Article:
Now assembling all the component parts of the raised and railed svastika together, we may not be far wrong in attributing to the symbol a non-anthropomorphic representation of the Buddha turning the Wheel of the Law in a seated attitude, i.e., Dharma-cakra mudrã, and this inference, moreover, goes to support the fact that in the Art of very early periods the Buddha was represented only by symbols. Perhaps it is best to say here that the comprehension of the meaning unfolded above has to be grasped intellectually in the same way as some pictures have to be identified in ``an all-embracing union of content and form something transcendental which is not visible but which nevertheless can indirectly be made visible.'' Herbert Spencer even adds in the most explicit terms that it will always be permissible for us to picture to ourselves Reality by concrete symbols so long as we do not regard them as resemblances of that for which they stand. 27
These thoughts force us also to refer briefly to the most significant passage containing the Buddha's statement that the creative imagination of mind is the first step in all artistic creation. 28
So with due circumspection it may be said that the raised and railed svastika has not only infinite charm as it provokes philosophic reflection and aesthetic experience but also presents in an accretion of visual concepts a precursor of the iconographic symbol for the Buddha preaching the Doctrine, in a unique indigenous memorial form which. is a counterpart of real form and which has no real existence of its own, long before license to display the physical form of the Enlightened One had been received in Art. 29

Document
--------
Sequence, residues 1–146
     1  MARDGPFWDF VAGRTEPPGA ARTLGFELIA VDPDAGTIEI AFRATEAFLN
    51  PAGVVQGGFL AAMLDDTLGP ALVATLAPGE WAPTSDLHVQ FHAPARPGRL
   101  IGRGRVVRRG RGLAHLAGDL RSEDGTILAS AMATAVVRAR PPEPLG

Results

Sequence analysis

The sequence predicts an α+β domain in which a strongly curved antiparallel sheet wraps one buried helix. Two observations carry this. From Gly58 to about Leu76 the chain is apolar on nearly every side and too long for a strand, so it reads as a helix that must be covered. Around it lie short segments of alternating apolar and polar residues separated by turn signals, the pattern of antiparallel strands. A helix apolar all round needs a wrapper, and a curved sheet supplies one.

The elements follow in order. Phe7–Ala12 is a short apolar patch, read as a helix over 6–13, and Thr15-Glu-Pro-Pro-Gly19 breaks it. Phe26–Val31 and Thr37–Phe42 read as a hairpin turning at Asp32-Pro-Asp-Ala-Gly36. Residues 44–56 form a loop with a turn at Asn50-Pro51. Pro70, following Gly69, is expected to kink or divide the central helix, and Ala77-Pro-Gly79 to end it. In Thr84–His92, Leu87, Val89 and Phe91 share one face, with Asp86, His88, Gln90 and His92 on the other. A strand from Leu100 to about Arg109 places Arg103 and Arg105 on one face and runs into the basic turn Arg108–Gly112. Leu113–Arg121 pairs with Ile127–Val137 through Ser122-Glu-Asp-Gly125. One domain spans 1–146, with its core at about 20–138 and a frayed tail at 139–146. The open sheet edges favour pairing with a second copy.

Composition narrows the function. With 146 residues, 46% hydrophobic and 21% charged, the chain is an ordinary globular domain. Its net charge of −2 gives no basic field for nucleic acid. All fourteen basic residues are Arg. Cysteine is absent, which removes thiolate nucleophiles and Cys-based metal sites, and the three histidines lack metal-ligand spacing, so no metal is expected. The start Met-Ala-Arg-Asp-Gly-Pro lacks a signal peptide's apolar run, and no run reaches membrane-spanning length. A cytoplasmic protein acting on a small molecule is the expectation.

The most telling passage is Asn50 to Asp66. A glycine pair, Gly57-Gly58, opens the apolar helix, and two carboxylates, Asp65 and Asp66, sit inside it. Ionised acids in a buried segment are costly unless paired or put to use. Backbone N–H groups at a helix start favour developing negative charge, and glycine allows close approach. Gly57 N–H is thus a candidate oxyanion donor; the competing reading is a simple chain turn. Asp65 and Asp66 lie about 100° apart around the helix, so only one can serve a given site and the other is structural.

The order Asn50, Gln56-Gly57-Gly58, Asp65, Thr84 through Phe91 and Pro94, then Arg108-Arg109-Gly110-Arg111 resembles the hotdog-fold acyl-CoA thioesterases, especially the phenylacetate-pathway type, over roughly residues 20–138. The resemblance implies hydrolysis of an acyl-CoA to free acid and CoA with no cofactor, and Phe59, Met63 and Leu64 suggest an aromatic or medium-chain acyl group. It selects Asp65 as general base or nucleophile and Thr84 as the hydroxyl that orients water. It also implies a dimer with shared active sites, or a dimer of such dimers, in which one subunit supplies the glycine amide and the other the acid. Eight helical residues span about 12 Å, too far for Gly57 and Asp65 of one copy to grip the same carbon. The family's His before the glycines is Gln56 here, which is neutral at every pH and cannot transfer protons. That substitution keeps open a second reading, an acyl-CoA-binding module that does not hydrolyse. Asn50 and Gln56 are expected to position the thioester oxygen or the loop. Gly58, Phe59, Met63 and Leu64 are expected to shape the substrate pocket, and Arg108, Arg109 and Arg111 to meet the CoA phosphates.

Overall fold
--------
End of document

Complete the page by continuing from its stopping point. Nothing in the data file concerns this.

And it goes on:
No other interpretation seems possible nor need any other be sought to put it out of court, since nothing above assumed is contrary, either to the facts as we know them or to inherent probability.
Therefore, as this symbol manifest the above-mentioned creative
thoughts in its visible form, may we not cumulatively label. the same
4. Caitya -- A triple hemisphere so arranged to give a pyramidal character, two for basement and one for apex -- has been adopted as the name for this symbol by the early numismatists including Sir Alexander Cunningham. Perhaps Codrington too followed them in calling the symbol appearing on the coins under discussion as Caitya.
Caitya denotes anything connected with a funeral pile, e.g., the tumulus raised over the ashes or a tree marking the spot or any shrine or reliquary.
Stupa means in Buddhist literature a sepulchral sanctuary enshrining the charred bones or ashes of a funeral pyre of a deceased hero. We therefore prefer to call the fourth symbol on the coin, a stupa. 31 Asoka, too built stupas to preserve the relics of the Buddha.
It is, however, to be remembered that the stupa is built not by the
triple hemispheres but by a hemisphere. The tri-unite form is probably
the mystic representation of the three signata of corporeal
existence of all sentient phenomena according to Buddhism, namely,
everything is impermanent, everything is firmly rooted in misery and
everything is without a lasting entity --
The stupa came to be worshiped with these feelings as much for the inherent virtue that it was supposed to possess as for its association with the demise of the Great Teacher. So the stupa on the coin according to the context of the other symbols so far described may be taken to represent the Great Decease -Mahaparinibbana for ``round the Master's end there grew up spontaneously a sort of drama in three acts, or rather in three tableaux, his death, his funeral and the division of his relics.'' 32